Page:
Leaving the castle we pass into the city, by High Street, adorned with several palaces of the old nobility, antique-looking edifices, of a solid structure. Here was the palace of the Regent, Earl of Mar, whose descendants were the keepers of Stirling Castle. Here too was the palace of Sir William Alexander, "the philosophical poet" of the court of James the Sixth, and tutor to Charles the First, who created him Earl of Stirling. But an object of still greater interest is the tower where George Buchanan, the historian of Scotland, and one of the first scholars of his age, lived and wrote. He was tutor to James the Sixth of Scotland, and First of England. He wrote a paraphrase of the Psalms in elegant Latin verse, of which he was a perfect master. Most of this work was composed in a monastery in Portugal, to which he had been confined by the Inquisition about the year 1550. It was continued in France, and finished in Scotland. His prose works, particularly his history of Scotland, are characterized by clearness and research. His celebrated contemporary, Dr. Arthur Johnston, was equally distinguished for the variety of his attainments, and his perfect command of the Latin tongue; so that the one has been called the Scottish Virgil, and the other the Scottish Ovid. The Latin version of the Psalms by Buchanan is still used in some of the Scottish schools. It is elegant and faithful, but somewhat formal and paraphrastic.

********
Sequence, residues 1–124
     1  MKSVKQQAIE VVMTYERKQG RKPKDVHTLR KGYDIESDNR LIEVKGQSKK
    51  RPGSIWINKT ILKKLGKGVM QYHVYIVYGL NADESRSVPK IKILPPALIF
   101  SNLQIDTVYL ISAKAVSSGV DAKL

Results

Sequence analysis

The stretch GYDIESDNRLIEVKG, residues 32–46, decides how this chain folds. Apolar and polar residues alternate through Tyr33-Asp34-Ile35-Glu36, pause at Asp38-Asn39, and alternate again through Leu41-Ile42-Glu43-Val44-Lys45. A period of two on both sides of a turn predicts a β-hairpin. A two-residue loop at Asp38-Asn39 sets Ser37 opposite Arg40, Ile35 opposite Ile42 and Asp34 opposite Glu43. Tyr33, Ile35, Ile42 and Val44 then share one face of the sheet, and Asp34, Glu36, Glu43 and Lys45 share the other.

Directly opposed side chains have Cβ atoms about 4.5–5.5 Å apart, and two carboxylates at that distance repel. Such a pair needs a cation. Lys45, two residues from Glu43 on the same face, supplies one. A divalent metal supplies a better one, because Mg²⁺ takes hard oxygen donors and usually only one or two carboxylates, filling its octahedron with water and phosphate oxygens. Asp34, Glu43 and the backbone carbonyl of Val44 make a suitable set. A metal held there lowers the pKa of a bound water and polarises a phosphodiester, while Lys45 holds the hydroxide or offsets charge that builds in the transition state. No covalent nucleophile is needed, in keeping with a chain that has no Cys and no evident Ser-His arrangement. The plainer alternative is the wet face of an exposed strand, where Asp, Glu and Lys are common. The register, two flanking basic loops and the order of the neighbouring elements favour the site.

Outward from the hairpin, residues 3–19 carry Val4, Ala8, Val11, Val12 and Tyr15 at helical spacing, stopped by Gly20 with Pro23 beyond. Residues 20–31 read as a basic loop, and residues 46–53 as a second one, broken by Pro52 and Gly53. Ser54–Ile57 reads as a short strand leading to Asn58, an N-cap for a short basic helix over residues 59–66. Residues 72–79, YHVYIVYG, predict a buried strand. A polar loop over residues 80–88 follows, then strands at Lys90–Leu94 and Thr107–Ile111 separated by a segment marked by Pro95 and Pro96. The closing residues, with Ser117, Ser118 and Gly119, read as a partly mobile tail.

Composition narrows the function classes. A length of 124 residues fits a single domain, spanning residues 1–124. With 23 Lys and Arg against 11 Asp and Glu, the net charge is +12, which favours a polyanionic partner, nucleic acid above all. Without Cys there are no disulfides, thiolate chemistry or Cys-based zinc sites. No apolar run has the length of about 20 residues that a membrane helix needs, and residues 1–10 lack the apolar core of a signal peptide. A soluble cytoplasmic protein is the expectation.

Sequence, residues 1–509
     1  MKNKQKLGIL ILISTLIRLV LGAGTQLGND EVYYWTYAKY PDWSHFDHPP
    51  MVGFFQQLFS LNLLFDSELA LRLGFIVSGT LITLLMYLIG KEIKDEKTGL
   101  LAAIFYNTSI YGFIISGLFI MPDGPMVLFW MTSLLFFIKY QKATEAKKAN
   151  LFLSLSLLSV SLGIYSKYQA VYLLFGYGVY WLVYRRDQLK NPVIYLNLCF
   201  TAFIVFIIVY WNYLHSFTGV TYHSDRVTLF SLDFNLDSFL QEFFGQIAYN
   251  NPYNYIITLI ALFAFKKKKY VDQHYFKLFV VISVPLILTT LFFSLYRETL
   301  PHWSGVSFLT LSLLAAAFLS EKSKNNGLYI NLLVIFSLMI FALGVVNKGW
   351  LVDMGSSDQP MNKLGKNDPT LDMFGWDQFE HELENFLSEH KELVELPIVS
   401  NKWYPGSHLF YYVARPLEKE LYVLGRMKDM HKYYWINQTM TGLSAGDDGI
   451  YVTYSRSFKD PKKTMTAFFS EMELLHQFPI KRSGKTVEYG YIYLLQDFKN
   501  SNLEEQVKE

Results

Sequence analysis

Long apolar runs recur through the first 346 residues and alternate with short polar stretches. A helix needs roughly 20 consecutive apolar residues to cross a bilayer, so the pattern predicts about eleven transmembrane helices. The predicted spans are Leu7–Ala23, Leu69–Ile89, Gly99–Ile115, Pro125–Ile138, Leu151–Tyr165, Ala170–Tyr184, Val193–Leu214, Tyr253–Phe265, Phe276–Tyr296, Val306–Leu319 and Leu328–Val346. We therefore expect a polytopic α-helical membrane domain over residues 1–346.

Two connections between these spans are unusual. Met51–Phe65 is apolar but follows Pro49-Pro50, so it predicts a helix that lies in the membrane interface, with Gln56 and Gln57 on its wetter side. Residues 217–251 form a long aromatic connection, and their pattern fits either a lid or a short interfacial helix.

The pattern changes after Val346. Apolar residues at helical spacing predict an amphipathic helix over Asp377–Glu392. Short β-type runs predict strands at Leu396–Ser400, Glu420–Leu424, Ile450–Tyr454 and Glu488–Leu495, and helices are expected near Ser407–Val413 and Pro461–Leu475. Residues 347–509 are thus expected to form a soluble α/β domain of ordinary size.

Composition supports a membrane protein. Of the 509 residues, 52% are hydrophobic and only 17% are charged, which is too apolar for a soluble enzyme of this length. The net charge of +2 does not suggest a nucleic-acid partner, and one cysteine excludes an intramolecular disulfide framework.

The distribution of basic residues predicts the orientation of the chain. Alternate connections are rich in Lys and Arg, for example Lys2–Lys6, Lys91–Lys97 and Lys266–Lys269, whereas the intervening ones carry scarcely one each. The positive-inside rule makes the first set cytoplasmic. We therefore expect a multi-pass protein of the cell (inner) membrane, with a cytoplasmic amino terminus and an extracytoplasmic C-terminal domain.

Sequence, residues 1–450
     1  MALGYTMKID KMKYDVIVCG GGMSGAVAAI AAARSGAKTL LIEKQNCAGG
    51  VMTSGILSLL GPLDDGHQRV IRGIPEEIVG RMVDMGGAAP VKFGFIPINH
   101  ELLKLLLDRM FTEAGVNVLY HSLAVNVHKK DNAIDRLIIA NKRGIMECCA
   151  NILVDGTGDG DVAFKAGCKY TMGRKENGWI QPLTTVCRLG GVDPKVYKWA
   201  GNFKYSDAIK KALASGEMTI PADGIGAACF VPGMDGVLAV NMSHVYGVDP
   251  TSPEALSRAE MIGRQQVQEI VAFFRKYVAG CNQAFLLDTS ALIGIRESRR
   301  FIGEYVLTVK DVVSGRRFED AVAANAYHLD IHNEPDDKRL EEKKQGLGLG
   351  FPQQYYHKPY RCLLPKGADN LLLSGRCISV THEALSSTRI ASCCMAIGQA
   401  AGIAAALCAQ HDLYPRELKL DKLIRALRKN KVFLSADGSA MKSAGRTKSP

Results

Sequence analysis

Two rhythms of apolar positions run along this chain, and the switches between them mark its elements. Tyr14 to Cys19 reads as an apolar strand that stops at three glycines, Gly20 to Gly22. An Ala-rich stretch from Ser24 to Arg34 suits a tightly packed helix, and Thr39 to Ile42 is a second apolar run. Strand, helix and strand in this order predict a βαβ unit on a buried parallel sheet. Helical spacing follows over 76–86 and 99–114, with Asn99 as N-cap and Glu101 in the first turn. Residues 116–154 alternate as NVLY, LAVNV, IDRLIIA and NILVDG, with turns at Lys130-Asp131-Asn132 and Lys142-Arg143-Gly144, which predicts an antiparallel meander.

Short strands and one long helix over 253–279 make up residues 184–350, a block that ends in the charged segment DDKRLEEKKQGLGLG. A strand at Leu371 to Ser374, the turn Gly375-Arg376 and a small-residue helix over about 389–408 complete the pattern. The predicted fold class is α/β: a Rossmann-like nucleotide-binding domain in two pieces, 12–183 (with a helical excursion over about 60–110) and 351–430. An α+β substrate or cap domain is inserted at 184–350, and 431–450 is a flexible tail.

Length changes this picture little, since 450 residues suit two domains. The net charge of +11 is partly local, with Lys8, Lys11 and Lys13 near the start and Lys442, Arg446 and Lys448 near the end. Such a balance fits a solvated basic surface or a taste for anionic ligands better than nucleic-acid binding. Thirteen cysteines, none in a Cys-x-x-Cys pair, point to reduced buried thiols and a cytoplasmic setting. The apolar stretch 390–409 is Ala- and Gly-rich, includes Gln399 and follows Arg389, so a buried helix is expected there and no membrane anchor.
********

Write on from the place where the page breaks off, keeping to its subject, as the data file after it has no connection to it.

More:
There are many objects of interest in Stirling, and the scenery around is rich and beautiful, and, moreover, associated in every part, with recollections of the olden time; but we cannot linger here. The stage-coach is waiting to take us to Falkirk, a town of great antiquity, having been the site of one of those military stations on the wall made by the Romans at their invasion of the country, known by the name of the Forts of Agricola. It was also the scene of one or two famous battles in the days of Wallace and Bruce. Being the principal town in the midst of a rich agricultural country, it is now the scene of immense fairs or trysts, as they are called, to which large droves of Highland cattle are brought annually for sale, and where an immense amount of business is transacted. But there is nothing here of sufficient interest to detain us; so we proceed in the rail-cars to Edinburgh. In passing, we get a glimpse of the castle and palace of Linlithgow; in the twefth century one of the most important burghs in Scotland, the residence of several of the kings of Scotland, and the birth-place of Queen Mary.

"Of all the palaces so fair

Built for the royal dwelling
In Scotland, far beyond compare
Linlithgow is excelling.

And in its park, in genial June,
How sweet the merry linnet's tune,

How blythe the blackbird's lay,
The wild buck bells from thorny brake,
The coot dives merry on the lake,
The saddest heart might pleasure take
To see a scene so gay."-Marmion.